Also in attendance was Evelyn Martens, the British Columbia woman who was acquitted of two assisted suicides in 2004 and Lesley Martin, New Zealand's most notorious euthanasia advocate who was convicted of the attempted murder of her mother; and Dr. Philip Nitschke MD, founder and director of Exit International, Australia.
Excellent idea, because what they are now talking about is clearly MURDER!
More proof that the Culture of Death was using Terri Schaivo as a "test run" for their macabre agenda.
"Show me just what Mohammed brought that was new, and there you will find things only evil and inhuman, such as his command to spread by the sword the faith he preached." -Manuel II Paleologus
Right to Die? Let's start with those who attended the conference and see if anyone changes their mind.
Just try to go two days with no water, coffee, pop, juice, tea .. whatever ... your mind screams to be watered.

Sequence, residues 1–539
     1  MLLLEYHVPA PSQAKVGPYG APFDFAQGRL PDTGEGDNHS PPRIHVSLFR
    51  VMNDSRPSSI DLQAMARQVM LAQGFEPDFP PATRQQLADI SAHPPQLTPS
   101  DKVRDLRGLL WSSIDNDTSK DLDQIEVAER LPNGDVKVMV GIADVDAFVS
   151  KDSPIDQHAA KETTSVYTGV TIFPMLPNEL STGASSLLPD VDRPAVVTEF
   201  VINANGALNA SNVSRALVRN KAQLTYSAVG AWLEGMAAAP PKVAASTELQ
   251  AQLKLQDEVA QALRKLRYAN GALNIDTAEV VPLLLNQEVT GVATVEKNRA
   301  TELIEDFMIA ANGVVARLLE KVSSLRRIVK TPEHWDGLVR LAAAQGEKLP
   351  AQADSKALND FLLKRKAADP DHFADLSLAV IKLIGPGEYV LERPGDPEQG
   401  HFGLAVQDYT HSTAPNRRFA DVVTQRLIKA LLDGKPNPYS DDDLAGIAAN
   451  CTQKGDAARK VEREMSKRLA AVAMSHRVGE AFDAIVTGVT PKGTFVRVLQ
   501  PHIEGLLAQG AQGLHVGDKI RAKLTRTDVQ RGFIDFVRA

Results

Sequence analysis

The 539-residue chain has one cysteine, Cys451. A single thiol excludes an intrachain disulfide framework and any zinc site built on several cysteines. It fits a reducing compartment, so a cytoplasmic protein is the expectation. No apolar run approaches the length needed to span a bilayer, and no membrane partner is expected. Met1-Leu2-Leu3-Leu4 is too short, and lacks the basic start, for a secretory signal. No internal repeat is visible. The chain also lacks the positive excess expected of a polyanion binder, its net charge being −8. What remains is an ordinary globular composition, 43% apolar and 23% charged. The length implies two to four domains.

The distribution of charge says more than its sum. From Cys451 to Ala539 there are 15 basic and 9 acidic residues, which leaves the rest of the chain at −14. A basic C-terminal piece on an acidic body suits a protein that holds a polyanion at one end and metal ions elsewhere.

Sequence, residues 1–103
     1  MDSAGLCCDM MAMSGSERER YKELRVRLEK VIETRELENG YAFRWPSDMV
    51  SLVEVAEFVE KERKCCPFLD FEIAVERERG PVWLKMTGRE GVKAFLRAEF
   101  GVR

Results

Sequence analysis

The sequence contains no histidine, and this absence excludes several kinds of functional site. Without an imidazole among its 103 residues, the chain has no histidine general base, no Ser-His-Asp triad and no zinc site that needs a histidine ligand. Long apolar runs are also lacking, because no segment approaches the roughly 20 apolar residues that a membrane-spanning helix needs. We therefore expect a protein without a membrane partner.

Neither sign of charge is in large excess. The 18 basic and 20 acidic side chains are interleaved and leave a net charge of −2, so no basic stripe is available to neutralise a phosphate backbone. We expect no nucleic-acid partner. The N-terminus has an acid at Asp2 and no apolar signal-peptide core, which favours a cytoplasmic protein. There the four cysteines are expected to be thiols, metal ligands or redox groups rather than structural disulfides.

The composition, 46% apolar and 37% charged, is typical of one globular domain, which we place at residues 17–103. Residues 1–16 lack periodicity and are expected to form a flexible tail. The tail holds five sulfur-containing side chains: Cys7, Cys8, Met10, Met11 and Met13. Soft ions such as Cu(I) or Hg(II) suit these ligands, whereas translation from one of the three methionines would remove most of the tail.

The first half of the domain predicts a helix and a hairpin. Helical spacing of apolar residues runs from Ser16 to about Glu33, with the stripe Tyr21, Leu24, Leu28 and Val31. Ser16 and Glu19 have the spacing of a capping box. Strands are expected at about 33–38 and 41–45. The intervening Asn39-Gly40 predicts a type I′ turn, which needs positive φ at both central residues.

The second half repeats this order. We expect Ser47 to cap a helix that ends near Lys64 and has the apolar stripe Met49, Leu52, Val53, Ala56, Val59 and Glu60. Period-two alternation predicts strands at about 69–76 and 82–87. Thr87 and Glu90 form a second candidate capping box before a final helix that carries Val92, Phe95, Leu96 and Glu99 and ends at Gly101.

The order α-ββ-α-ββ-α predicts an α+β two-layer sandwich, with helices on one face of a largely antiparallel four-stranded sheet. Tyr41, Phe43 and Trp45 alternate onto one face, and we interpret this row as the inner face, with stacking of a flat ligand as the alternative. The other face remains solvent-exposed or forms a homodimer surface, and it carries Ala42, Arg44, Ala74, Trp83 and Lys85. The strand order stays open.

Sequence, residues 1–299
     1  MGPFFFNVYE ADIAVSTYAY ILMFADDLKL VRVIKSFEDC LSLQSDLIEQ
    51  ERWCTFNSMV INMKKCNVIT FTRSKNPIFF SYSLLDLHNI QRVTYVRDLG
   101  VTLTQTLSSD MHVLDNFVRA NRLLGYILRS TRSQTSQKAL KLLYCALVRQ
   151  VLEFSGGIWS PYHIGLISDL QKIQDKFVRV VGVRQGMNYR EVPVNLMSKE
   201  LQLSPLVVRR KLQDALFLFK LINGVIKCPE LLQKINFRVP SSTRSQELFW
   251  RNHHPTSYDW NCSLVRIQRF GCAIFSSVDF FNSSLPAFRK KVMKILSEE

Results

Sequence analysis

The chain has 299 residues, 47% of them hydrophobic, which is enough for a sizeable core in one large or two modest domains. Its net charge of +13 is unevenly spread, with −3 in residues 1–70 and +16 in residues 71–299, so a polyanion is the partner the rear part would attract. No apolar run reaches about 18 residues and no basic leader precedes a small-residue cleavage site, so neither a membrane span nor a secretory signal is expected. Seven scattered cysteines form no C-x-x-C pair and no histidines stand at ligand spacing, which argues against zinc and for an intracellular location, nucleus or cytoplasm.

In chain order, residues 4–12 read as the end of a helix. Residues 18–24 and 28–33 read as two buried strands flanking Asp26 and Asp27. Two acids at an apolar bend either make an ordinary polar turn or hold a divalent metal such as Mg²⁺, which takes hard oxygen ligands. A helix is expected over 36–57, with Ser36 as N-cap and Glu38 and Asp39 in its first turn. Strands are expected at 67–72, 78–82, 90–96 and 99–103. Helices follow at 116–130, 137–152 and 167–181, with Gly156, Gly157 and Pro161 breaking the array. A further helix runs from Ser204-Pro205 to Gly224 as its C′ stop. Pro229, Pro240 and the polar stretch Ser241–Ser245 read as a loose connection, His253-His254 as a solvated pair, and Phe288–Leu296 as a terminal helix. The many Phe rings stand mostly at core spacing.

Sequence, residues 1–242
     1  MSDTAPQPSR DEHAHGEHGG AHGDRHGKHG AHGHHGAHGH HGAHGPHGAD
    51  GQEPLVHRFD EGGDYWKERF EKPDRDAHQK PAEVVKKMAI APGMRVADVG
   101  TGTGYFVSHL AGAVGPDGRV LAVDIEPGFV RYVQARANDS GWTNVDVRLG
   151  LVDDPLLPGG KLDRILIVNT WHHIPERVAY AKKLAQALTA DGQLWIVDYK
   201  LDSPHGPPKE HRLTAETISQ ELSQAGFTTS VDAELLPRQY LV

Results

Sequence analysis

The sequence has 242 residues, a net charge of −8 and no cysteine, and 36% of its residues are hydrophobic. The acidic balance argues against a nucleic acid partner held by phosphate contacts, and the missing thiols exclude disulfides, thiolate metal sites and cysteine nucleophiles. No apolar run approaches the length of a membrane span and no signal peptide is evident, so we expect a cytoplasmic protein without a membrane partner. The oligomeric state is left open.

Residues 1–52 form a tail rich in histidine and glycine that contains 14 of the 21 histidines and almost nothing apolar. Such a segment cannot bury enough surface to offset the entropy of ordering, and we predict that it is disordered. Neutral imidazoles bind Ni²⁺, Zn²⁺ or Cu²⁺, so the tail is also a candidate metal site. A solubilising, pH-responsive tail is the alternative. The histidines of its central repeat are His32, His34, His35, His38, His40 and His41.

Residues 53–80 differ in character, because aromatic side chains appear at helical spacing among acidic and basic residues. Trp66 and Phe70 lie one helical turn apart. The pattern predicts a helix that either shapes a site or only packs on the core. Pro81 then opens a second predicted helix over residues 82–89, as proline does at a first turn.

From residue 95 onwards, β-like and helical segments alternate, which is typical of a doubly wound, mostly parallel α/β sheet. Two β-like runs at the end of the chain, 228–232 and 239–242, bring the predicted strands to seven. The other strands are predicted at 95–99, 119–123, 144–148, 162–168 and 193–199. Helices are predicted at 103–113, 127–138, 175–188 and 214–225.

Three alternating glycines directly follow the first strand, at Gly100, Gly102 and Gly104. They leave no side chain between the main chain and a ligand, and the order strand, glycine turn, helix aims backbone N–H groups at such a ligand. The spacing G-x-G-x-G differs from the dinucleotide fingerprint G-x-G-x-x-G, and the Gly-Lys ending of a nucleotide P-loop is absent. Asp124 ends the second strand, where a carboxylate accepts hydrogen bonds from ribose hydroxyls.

I cannot even begin to express just how evil this agenda is.
But it's euphoric, don'cha know?
If this is too inhumane to do on terrorists, then why is it okay for everyone else. Dehydration is not a pleasant way to go.
Funny, I clearly remember being told how "euphoric" it was and how "beautiful" it made the person look./sarcasm off
The distinctive stench of evil.
No coincidence there. The precedent was set, and is now being aggressively invoked.
Nothing that happened in Largo, Florida, last year happened by accident. It was too purposeful, too orchestrated, too relentless and steamrolled with too much momentum over every good (and constitutional) principal to be by accident.